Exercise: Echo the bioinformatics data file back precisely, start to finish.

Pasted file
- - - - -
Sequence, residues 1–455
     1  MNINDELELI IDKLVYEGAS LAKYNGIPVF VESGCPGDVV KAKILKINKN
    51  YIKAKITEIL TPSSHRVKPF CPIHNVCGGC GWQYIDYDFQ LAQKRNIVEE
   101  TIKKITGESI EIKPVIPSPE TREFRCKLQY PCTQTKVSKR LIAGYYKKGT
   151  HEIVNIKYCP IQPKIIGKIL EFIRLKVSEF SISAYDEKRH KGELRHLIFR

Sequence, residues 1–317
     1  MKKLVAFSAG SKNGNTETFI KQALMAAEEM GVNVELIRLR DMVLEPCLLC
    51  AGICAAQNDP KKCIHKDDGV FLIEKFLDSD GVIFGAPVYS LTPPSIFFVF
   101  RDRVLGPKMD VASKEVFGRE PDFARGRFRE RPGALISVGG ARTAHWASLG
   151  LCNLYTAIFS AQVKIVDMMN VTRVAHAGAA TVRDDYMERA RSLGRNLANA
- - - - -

Sequence, residues 1–455
     1  MNINDELELI IDKLVYEGAS LAKYNGIPVF VESGCPGDVV KAKILKINKN
    51  YIKAKITEIL TPSSHRVKPF CPIHNVCGGC GWQYIDYDFQ LAQKRNIVEE
   101  TIKKITGESI EIKPVIPSPE TREFRCKLQY PCTQTKVSKR LIAGYYKKGT
   151  HEIVNIKYCP IQPKIIGKIL EFIRLKVSEF SISAYDEKRH KGELRHLIFR

Sequence, residues 1–317
     1  MKKLVAFSAG SKNGNTETFI KQALMAAEEM GVNVELIRLR DMVLEPCLLC
    51  AGICAAQNDP KKCIHKDDGV FLIEKFLDSD GVIFGAPVYS LTPPSIFFVF
   101  RDRVLGPKMD VASKEVFGRE PDFARGRFRE RPGALISVGG ARTAHWASLG
   151  LCNLYTAIFS AQVKIVDMMN VTRVAHAGAA TVRDDYMERA RSLGRNLANA